Musicfest NW

All Portland’s A Stage

September 4, 2008

PORTLAND–For people in the know, the nondescript doorway at 1200 SW Morrison in downtown Portland is anything but. It’s a rock and roll portal.

For the next three nights, Portland Beast House curator Katy Sanford has aligned three early evenings of great live music, in conjunction with an annual three-day music festival that brings bands from near and far to play multiple Rose City clubs. “Each of the three nights, our focus is on a different Portland label or publicity company,” says Sanford, who also points out that, “bands can come by before their shows and have a drink.” As bands and fans stream through the door, the Beast House is part “green room” and part semi-private club.

Inside the Beast House, the decor is rich with suede and leather. Artful rock and roll posters line the walls. Catered pot stickers are gratis and locally brewed beer is but a buck. Best of all for music fans, seeing a show in this intimate setting is like seeing a band in your den. It’s that up close and personal.

The Beast House is an environment where artists can be themselves, unguarded and available to fans, industry types and the press. Two of the nine bands that Sanford booked for the weekend’s shows sat down outside the Beast House on a 12th Avenue bench to talk about their music.

Anders Parker

First up is Anders Parker, an East Coast troubadour who sings original songs while playing guitar, harmonica and a bass drum.

Q. Where do you live?

Parker: I’m in Burlington, Vermont, now.

Q. Does that have an impact on your music?

Parker: We just moved. My girlfriend and I just moved up there [from Queens, New York] in July. Since we moved up there, I’ve been in the studio. I have a studio in the house and I’ve been working on new recordings, so in the fact that I have the space to do it, yeah.

Q. Do you mostly play solo, like today?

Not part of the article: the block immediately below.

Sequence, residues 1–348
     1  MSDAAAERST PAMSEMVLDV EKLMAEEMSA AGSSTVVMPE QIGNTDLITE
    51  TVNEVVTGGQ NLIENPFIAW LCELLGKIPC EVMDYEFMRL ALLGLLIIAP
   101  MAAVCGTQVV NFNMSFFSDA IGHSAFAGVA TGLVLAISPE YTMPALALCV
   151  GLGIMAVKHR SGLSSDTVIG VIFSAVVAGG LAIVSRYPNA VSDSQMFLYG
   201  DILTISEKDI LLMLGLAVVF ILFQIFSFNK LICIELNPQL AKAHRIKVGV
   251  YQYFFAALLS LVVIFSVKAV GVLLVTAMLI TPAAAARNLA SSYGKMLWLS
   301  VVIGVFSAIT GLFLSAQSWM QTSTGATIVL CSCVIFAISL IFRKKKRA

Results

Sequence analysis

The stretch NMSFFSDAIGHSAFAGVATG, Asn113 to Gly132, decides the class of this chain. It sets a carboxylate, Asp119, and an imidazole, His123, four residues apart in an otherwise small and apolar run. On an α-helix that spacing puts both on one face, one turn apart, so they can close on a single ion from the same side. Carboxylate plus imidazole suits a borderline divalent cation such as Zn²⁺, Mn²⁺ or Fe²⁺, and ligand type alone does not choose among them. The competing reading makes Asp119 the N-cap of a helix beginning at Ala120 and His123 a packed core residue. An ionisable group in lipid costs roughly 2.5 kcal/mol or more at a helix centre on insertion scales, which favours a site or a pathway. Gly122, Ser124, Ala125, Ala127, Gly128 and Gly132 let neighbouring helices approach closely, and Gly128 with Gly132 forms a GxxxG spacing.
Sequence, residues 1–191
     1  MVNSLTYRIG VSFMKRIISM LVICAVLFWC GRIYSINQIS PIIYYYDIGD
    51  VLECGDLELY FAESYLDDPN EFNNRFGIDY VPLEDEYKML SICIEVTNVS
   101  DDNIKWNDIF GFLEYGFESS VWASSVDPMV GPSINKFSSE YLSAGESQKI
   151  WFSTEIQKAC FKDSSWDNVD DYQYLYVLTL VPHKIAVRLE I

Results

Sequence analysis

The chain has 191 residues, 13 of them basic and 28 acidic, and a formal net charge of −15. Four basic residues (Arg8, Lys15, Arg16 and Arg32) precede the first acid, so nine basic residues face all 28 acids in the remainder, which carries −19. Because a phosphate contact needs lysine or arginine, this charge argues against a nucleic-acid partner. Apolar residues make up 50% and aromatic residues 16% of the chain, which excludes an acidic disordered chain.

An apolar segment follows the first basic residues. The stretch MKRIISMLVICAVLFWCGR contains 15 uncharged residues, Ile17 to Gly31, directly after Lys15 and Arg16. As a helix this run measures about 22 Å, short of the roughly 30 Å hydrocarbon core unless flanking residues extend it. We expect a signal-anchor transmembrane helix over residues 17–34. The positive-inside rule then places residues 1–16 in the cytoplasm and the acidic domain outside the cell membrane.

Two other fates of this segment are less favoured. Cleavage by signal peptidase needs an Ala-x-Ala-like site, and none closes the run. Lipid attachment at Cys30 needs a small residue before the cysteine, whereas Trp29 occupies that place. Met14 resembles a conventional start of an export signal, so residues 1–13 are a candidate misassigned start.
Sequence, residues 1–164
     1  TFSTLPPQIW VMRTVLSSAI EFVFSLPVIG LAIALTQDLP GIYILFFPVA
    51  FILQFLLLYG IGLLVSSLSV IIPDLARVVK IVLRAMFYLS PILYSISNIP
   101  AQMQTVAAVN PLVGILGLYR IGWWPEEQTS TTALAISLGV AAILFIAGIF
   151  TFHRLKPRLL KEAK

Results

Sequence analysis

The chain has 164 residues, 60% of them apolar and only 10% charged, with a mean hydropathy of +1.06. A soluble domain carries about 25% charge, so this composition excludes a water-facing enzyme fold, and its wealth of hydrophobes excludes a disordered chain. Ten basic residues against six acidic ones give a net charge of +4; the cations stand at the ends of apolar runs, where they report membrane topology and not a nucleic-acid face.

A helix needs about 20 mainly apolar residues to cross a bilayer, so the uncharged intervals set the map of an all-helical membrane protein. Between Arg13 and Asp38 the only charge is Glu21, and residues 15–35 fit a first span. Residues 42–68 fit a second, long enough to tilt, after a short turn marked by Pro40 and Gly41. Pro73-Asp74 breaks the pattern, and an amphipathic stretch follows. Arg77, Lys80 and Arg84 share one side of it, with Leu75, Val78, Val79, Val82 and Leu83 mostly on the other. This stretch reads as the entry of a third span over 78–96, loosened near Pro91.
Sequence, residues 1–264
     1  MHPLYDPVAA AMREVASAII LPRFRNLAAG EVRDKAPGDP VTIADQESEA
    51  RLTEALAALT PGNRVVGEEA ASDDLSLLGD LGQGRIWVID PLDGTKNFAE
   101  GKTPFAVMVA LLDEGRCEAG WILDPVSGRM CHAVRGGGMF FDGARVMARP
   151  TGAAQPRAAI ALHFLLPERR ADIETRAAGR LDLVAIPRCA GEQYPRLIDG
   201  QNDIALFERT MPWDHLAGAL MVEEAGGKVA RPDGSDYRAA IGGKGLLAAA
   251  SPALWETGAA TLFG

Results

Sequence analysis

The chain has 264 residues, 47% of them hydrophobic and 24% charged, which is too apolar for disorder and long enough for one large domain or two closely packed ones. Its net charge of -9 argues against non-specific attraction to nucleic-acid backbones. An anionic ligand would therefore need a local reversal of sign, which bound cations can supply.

Parker: I’ve done everything from duos to trios to bigger bands, but lately it’s been mostly solo stuff with an occasional band tour.

Q. I noticed that you were recording your own riffs and then using a loop. What does that bring to your show?

Parker: In my formative years, I used to play a lot of open mics. I came out of that singer-songwriter/folk/pop/ songcraft [world]. It’s sort of a murky thing to define. I started out playing acoustic guitar in coffee shops and bars. I liked doing that, but I guess for more of an interesting experience for me and hopefully for the people listening I like to do a little bit more. There’s spontaneity to it. A lot of improv involved in it. Covering all those bases on an acoustic guitar, you can do it to a certain extent, but it’s another flavor, another tool.

Q. What drives you to create? What inspires you to write and perform?

Parker: I just find music endlessly interesting. There are a lot of metaphors, but it’s kind of a river. There’s always something to learn. As a writer, there’s something about that spark of writing a tune. It’s hard to define. There’s a mystery to it. There are certain skills you can learn and techniques and what have you, but that actual spark of a song coming or showing up at your door is a pretty wild thing.

Q. Is there anything else you’d like us to know about your work and what you’re up to?

Parker: I’ve got a bunch of records I’m recording right now. That’s what I’ve been doing the past two months. Finishing all these records that have been half-finished. I’ve used this year to write and record.

Anders Parker’s 14th & Division (Live) was released by Portland label Bladen County Records, August 14, 2008.


Blue Skies for Black Hearts